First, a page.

What does the campaign against ISIS tell us about the future of airpower, and about the ability of the United States to tack between East Asia and the Levant?
We don’t have anything close to a full appreciation of how the war against ISIS will play out. American officials continue to insist that, the fall of Ramadi notwithstanding, the air campaign has significantly degraded ISIS’s military capabilities, slowing or stopping its advance in many parts of the country and opening the door to the liberation of areas such as Tikrit. And Iraqi offensives over the next few weeks may roll back ISIS gains, which would reflect a very different picture of reality than the one now apparent.
But it nevertheless remains apparent that ISIS can plan, prepare for, and execute offensive operations while under threat from U.S. airpower. In both Iraq and Syria, Ramadi has captured territory defended by government forces, even as the U.S.-led coalition have attacked its fielded forces and its logistical infrastructure. The Islamic State does not appear ready to collapse, and neither Iraqi nor Syrian government forces seem ready to expunge it.
The course of the campaign indicates, perhaps, that irregular forces are successfully adjusting to what became known as the Afghan Model. To recap, the Afghan Model (built on the success of U.S. operations against the Taliban in the fall and winter of 2001) suggested that a combination of precision airpower, special operations forces, and local proxies could win wars against reasonably formidable opponents without the deployment of large ground formations.
To be sure, operations against ISIS have lacked one element of the Afghan Model; special operations forces forward deployed as part of an offensive spearhead. But then Operation Inherent Resolve shouldn’t need them; Iraqi government forces really should be more capable of spearheading a combined air-ground offensive than the makeshift militias that emerged in Benghazi or Misrata, or even than the fighters of the Northern Alliance. The difference (already apparent in the Taliban’s successful offensive in Afghanistan) seems to lie with insurgent tactics; ISIS has simply learned effective ways of mitigating the airpower advantage of the U.S. and its allies.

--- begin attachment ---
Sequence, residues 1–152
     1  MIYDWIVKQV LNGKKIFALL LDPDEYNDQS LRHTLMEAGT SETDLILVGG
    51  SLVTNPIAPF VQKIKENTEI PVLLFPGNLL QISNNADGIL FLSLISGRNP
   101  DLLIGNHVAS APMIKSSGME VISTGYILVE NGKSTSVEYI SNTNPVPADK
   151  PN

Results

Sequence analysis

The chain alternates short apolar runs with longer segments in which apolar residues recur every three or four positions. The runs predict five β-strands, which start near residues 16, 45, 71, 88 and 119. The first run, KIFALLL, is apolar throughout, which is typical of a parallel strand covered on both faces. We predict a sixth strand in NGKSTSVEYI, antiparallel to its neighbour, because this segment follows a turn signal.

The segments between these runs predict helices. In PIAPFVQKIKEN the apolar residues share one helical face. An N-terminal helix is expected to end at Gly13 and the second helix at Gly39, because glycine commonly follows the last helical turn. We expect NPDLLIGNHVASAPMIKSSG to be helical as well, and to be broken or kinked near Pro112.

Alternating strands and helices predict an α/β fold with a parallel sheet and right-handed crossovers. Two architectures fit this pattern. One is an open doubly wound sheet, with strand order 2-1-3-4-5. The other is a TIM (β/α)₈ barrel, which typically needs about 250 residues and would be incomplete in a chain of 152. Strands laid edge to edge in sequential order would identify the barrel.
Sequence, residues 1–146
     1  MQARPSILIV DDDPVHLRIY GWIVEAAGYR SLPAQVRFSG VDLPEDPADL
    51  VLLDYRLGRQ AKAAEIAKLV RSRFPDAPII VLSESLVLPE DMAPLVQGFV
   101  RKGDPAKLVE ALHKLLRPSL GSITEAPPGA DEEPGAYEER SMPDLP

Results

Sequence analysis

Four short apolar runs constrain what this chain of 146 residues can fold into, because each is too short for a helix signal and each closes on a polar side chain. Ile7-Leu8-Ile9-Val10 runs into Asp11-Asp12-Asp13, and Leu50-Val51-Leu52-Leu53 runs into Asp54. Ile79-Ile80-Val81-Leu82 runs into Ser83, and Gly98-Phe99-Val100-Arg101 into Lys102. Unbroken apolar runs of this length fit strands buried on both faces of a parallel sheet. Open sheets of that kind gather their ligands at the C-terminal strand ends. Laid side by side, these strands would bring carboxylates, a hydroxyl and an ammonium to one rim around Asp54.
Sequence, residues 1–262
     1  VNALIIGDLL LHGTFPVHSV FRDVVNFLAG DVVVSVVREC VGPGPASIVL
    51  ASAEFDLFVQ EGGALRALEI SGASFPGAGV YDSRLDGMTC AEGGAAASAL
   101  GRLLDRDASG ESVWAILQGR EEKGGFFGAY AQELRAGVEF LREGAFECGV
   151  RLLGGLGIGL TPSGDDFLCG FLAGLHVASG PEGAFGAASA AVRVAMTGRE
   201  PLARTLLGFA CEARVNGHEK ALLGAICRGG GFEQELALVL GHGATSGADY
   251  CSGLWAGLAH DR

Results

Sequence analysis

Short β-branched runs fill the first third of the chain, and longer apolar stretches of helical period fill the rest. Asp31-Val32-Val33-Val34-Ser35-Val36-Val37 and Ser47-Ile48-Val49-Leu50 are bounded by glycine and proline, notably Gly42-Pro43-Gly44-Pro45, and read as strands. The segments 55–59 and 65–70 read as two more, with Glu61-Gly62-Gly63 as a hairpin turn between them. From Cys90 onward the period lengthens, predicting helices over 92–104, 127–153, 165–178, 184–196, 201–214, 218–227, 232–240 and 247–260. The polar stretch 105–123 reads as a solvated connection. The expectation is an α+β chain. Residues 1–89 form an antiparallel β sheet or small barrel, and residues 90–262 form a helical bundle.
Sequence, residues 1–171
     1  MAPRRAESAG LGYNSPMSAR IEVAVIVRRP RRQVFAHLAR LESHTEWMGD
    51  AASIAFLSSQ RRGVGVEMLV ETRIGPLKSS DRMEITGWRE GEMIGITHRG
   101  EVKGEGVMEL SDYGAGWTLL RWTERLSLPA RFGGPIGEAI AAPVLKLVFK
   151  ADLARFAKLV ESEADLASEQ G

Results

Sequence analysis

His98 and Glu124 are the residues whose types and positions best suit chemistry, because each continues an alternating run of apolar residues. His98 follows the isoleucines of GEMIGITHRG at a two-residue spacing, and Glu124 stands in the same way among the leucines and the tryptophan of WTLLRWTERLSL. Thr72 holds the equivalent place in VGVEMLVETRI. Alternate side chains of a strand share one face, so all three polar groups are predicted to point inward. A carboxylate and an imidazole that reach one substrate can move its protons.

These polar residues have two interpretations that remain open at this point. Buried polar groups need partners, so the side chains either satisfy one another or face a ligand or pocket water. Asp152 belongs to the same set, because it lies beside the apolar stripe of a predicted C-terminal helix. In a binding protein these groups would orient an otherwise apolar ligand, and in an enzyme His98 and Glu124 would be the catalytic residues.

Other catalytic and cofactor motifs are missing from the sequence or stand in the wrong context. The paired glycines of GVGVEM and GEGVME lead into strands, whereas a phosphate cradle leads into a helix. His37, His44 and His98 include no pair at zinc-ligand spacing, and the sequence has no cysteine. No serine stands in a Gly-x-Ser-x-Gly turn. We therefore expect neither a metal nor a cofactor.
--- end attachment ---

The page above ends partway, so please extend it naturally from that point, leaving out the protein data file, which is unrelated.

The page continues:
More broadly, the extent of the campaign indicates that what airpower theorists like to call the “inherent flexibility of airpower” cannot resolve the major resource issues associated with the pivot (or, if you prefer, the rebalance). Implicit in the rebalance is the idea that the United States can still use airpower, and long range naval strike, to solve security problems around the world, even as it focuses the bulk of its efforts on managing China. If fighting a group as small as ISIS requires a long-term commitment of U.S. power, with attendant demands on allies and infrastructure, then the logic underpinning the pivot begins to unravel. This is especially the case if the United States cannot escape the political pressures that continue to draw it into Europe and the Middle East.